Worldpay Inc. is adding another tool for financial institutions in their efforts to curtail the pricey and nuisance-laden aftereffects of rampant data breaches. The company’s solution comes in the form of credit and debit cards that use a dynamic card-verification value.
Cincinnati-based Worldpay is testing the Motion Code-enabled credit and debit cards with two undisclosed credit unions and a bank before broader availability, expected later this year. The hope is to make online shopping more secure.
Developed by smart card maker Oberthur Technologies, now known as Idemia, Motion Code technology replaces the static printed CVV on the back of a payment card with a dynamic one viewable on a small screen. The frequency of code changes is based on the issuer’s specification. A dynamic CVV means a criminal may obtain the card number, but will be unable to verify the CVV because it will have changed.
In addition to the conventional EMV and contactless features of a standard payment card, these new cards contain an electronic ink display on the back, in place of the static CVV. The CVV is always visible and cardholders do not need to press a button to activate it.
A transaction made with a Motion Code-enabled card works like any other for the consumer and the merchant. But the process changes after the transaction data flows to the issuer for authorization. The CVV is checked against a server Worldpay hosts to ensure its veracity. The issuer still makes the final decision about the transaction authorization. No merchant integration is needed.
As a processor for approximately 1,100 financial institutions—mostly in the United States—Worldpay is keenly aware of the fraud-related issues they face, Kelly Gauvey, Worldpay director of debit card services, tells Digital Transactions News. “CNP fraud is huge,” Gauvey says.
While there are various measures to counteract fraud, such as EMV 3-D Secure and its upcoming second version, issuers need options, she says. Gauvey adds that payment cards need extra protection. “It was time we focused on the cards. They’re not going away,” she says.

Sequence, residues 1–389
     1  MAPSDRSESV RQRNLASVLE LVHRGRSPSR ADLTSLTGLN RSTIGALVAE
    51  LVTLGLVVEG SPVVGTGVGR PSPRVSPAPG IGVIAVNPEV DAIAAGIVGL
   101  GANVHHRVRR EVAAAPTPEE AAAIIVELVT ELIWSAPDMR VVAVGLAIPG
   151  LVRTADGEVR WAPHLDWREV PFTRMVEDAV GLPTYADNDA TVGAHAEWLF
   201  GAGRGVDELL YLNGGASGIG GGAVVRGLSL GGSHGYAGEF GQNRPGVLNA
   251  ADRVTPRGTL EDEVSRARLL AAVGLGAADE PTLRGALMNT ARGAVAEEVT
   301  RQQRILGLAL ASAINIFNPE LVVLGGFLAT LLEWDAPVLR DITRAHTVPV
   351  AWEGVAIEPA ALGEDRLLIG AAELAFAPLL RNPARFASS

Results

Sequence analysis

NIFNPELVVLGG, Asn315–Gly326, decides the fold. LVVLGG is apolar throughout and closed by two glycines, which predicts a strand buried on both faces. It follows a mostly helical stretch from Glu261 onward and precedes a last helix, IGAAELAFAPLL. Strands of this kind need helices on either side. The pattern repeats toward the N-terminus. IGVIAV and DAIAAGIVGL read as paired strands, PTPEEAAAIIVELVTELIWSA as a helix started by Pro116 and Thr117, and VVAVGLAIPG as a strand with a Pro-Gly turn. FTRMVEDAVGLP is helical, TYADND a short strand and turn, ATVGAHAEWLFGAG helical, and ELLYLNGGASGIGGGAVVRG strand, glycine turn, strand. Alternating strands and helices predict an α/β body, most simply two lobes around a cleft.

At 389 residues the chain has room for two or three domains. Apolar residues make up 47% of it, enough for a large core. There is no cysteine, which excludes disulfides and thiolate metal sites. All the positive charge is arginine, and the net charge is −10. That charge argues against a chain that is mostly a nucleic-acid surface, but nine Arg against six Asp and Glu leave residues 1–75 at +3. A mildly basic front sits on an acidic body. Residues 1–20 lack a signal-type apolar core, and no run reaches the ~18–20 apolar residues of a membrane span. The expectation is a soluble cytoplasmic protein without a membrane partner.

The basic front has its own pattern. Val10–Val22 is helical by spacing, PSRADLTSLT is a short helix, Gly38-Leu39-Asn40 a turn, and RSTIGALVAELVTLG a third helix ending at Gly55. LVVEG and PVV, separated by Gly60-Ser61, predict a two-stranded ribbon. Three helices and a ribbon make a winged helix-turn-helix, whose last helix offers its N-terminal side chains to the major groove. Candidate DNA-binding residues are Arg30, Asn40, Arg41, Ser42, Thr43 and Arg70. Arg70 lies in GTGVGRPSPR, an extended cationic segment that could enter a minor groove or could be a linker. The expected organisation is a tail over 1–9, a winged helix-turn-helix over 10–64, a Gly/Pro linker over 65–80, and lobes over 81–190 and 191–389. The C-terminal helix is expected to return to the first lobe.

The fact that consumers are not widely adopting mobile wallets in lieu of cards is another factor. Because of this, issuers need something that consumers use, she says.
Still, issuers may want to educate their cardholders, especially those who have memorized their CVVs and are used to them not changing, Gauvey says. It’s not changing what cardholders are used to, except for the online shopping aspect, she says.
Issuers will need reassurance, too, that because the form factor is familiar to cardholders they are not likely to change their daily spending habits because of it, she says.
Motion Code-enabled cards are not cheap, ranging between $15 and $17, Gauvey says, compared to the $2 average cost for an EMV card. The idea is that the dynamic CVV will prevent the issuer’s cards from being snared in a breach, yielding a return on investment. For example, Gauvey says reissuing costs per card may be as much as $30 to $40, which includes the replacement cards and case analysis.
Then there is the actual fraud prevented. In tests by Idemia of more than 600,000 cards that made more than 4 million authorized transactions in 10 international locations, there were no reported instances of card-not-present fraud.
“My ultimate goal is to provide a complete picture of the cost of the card versus the fraud instances that would be avoided,” Gauvey says.
The contactless feature is a big change, too. The idea is to give consumers every possible payment option, Gauvey says. It makes sense because most point-of-sale terminals are contactless-capable, she says. “If the terminal is out there, we want to give the cardholder the complete solution,” she says.